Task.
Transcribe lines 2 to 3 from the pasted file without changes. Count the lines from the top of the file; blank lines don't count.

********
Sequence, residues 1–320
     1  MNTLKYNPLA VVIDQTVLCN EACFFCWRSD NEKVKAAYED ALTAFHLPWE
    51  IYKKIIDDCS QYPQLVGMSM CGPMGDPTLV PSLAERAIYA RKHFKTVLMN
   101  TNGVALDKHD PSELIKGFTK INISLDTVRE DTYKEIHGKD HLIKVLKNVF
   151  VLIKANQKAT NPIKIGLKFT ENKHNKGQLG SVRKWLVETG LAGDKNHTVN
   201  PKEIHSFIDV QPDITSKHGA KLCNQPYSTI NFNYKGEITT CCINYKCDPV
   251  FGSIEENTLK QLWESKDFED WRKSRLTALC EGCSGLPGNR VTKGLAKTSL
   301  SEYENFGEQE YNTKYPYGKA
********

     1  MNTLKYNPLA VVIDQTVLCN EACFFCWRSD NEKVKAAYED ALTAFHLPWE
    51  IYKKIIDDCS QYPQLVGMSM CGPMGDPTLV PSLAERAIYA RKHFKTVLMN